There's the story, for example, from the early World War II era of how Raytheon’s brilliant chief engineer, Percy Spencer, figured out how to mass produce magnetrons, the heart of radar, which were desperately needed for the war effort. The breakthrough transformed a company best known for radio tubes into one that became synonymous with complex radar and guidance systems. Another system, the shipboard SG radar, is credited with helping secure victory at sea.
While the defense work continued after the war – notably with the guided Lark missiles that made a historic intercept of a drone target in flight – the postwar era kicked off a period of expansion and diversification for Raytheon Company. At the fore was another Spencer innovation; one day he approached a magnetron and realized the candy bar in his pocket was melting. The result was the world's first microwave oven. Raytheon Company named it the Radarange, and suddenly, the company was in the appliance business. This renewal also saw commercial ventures in educational textbook publishing, petroleum exploration, industrial construction and the aircraft business.
Raytheon Company made major contributions to the 20th century's signature technological achievement by providing the computer that guided the Apollo 11 astronauts to the moon. Other parts of today’s Raytheon Technologies supported that mission as well, contributing communications equipment, fuel cells, environmental controls and spacesuits.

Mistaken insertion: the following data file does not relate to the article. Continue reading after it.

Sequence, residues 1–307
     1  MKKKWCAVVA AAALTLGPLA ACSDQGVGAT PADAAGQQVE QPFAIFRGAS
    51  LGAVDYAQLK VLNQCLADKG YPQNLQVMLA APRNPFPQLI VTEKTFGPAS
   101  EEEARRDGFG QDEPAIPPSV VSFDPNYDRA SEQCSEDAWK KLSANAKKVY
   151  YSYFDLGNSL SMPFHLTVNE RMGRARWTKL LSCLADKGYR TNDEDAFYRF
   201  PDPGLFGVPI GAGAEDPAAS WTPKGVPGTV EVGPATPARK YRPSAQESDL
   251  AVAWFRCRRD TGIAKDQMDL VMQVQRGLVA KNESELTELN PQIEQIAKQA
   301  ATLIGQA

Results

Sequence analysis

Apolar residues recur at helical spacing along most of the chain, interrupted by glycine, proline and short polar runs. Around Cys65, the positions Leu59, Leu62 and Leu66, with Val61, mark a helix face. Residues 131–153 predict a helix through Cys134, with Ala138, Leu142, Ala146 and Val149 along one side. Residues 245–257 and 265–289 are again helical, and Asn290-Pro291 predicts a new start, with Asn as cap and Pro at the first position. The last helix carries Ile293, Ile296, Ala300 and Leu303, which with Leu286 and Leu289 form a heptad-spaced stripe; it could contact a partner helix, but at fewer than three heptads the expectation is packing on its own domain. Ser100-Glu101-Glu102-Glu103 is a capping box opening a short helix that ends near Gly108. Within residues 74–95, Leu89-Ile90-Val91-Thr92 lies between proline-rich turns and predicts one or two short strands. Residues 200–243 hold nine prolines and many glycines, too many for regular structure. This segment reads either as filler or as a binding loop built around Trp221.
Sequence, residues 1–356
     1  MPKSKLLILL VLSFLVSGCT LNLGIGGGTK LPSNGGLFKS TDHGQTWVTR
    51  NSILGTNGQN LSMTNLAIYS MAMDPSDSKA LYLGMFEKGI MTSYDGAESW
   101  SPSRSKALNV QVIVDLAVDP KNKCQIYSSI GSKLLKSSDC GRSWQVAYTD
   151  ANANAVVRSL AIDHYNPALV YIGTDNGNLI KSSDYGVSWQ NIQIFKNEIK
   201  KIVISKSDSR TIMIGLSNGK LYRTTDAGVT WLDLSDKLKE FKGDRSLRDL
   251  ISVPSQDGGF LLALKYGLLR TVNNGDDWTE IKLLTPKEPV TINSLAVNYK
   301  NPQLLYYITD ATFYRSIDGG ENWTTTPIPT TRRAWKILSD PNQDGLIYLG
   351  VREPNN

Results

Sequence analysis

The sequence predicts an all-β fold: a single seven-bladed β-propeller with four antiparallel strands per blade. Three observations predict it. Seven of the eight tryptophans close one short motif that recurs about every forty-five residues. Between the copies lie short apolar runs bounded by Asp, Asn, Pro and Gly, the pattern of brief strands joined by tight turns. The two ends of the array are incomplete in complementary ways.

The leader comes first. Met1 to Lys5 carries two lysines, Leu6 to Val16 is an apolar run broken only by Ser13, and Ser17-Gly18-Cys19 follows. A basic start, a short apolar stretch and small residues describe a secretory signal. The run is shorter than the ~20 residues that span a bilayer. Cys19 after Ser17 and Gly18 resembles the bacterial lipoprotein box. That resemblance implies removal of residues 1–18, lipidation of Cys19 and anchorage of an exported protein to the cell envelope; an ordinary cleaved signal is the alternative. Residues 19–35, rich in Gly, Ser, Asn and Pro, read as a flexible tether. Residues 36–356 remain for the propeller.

At the end of the Cold War, Raytheon Company shifted strategy once again, developing world-renowned defense, security and aerospace systems such as the Patriot Air and Missile Defense System; early-warning, phased array radars that have helped keep the peace; the Standard Missile-3 that rose to intercept a failing satellite; and the Visible Infrared Imaging Radiometer Suite producing the highest-resolution composite Earth image.
The company accomplished this feat of continual innovation by attracting and retaining talent, by encouraging diversity of thought and new ideas, and also by acquiring businesses such as E-Systems, Texas Instruments Defense and Hughes Defense. These and other like-minded technology organizations added their own rich heritage of innovation, from use of the first network email and the “@” sign as part of an email address to world-class expertise in cybersecurity.